Country music: it’s much maligned, constantly stereotyped, and it’s the secret to true contentment. Say what? How can cheesy music that’s only about heartbreak and lost love (and dogs) make you anything but miserable? Read on for the full scoop.
It’s well-documented that music has deep, resonating effects on the human psyche. In fact, “the mood of a piece of music tends to induce the same mood in the listener,” according to a study by Lewis, Dember, Schefft and Radenhausen (Curr. Psychol.: Devel., Learn., Person., Social., 14, 29-41.). In addition, each genre of music conjures different feelings for each of us. While these will vary for all people, the underlying lyrical themes of different genres play as much a role as personal taste in this.
I’m going to seriously generalize here, but R&B focuses on themes of love and sexuality, hip-hop focuses on a glamorous lifestyle and street life, pop’s emphasis is on love and heartbreak, and rock lyrics cover everything from disillusionment and alienation to love and loss. So what’s the focus of country music? Being happy with what you have, imperfections and all.
Consider the following lyrics:
“Real love and real life doesn’t have to be perfect/…Love can be rough around the edges, tattered at the seams/Honey if it’s good enough for you, it’s good enough for me”
“Life’s a dance; you learn as you go/Sometimes you lead, sometimes you follow/Don’t worry about what you don’t know/Life’s a dance; you learn as you go”
“I never had a dollar that could buy me what I’m feelin’/But I’m feelin’ ’bout as good as I can be”
“When the party’s over and the glitter starts to fade/It’s all about your piece of mind at the end of every day… /It’s only the simple things I believe that matter most in life/I’m more than satisfied, all that I have is all I need”
“I got no money in my pockets/I got a hole in my jeans/I had a job and I lost it/But it won’t get to me… I got the one I love beside me/My troubles behind me/I’m alive and I’m free/Who wouldn’t wanna be me?”
“I’ve got supper in the oven, a good woman’s lovin and one more day to be my little kids’ dad/Lord knows I’m a lucky man”
I could go on for quite some time, since the list is gigantic and ever-growing. The common denominator is the sense of being happy with and grateful for what you have. Seriously, modern country (unlike old school, traditional country which is also awesome in very different ways) is very much about dreaming big dreams while appreciating every moment in the meantime. And it can be quite affecting, too.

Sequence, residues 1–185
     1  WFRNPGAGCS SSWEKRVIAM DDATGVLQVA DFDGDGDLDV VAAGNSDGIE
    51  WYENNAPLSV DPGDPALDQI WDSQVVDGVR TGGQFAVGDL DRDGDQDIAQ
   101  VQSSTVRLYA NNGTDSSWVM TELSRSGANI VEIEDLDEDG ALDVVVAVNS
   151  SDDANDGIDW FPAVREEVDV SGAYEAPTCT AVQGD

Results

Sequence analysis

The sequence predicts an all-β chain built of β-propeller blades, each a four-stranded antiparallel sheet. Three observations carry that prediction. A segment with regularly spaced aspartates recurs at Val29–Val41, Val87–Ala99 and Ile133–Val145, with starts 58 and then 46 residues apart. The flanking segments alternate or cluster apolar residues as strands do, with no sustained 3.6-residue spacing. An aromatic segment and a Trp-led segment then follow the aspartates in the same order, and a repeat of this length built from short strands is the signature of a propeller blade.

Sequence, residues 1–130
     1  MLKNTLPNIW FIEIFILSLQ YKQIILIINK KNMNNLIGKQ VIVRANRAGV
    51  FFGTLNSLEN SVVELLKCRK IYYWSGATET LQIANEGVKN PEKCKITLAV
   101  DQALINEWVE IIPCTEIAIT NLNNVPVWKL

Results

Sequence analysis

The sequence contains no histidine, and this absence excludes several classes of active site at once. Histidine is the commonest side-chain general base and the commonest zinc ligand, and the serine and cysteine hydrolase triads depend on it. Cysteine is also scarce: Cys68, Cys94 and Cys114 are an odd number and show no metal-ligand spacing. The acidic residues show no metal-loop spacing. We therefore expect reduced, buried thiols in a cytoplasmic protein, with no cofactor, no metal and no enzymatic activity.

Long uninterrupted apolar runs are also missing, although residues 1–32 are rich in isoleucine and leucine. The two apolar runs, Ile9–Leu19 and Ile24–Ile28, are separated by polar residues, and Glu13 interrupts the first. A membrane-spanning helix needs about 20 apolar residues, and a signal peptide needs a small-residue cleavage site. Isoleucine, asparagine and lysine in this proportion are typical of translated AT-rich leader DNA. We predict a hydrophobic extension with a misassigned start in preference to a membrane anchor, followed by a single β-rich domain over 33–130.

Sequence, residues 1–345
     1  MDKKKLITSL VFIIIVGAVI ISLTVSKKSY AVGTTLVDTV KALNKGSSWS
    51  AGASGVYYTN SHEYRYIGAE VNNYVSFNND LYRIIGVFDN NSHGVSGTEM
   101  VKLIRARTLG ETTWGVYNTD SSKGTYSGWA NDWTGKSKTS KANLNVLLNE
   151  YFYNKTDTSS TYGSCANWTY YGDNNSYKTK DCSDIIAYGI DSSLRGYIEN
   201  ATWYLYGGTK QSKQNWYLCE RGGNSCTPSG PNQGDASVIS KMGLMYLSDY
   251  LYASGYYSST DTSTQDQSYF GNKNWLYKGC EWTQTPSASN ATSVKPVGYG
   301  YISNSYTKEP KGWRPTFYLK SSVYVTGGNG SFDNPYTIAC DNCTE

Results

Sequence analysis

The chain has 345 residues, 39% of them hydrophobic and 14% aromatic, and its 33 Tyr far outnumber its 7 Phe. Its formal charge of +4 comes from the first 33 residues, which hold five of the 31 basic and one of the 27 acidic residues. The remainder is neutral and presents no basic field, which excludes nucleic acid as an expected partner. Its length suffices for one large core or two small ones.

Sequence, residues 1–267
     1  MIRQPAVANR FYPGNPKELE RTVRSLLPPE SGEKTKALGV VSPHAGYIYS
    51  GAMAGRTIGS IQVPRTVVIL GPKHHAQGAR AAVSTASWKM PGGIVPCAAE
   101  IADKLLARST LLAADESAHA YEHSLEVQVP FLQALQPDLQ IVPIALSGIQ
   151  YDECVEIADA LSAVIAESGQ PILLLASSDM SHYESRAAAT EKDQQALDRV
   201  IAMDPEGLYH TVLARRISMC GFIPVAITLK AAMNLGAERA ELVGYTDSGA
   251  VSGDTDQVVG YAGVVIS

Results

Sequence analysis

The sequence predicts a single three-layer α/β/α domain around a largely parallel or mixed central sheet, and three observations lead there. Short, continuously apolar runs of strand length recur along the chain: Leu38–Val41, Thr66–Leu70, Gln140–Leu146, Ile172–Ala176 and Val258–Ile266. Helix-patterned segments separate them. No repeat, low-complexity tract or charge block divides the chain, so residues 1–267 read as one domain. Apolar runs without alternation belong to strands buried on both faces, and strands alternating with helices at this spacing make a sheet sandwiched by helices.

When you listen to country music on a regular basis, you’re surrounding yourself with the message that not quite enough is plenty and that time-weathered, unglamorous love is beautiful. Listen long enough–even just in the background–and those messages can really start to sink in. I know it happened for me a few years ago. I love *lots* of genres, but tend to cycle through one main one regularly that will account for about 75% of what I listen to. When that cycle finally went back to country after years of R&B, alternative rock and pop, it clicked. And my level of contentment rose when I turned on the music.
So, why not take control of the messages you’re hearing in the music as an experiment? If we don’t want our values to be shaped by TV and movies, then the music we hear deserves a second consideration as well. Who knows? You just may find yourself feeling like it’s okay to be just who you are, right now in this moment.
If you’re interested in checking out some of country’s best feel-good songs, try the following list out for starters:
- No Shoes, No Shirt, No Problems: Kenny Chesney
- My Front Porch Looking In: Lonestar
- Perfect: Sara Evans
- Another Day in Paradise: Phil Vassar
- Who Wouldn’t Want to Be Me: Keith Urban
- Perfect Love: Trisha Yearwood
- Life’s a Dance: John Michael Montgomery
- Ain’t No Crime: Joe Nichols
- I Feel Lucky: Mary Chapin Carpenter
- Isn’t That Everything: Danielle Peck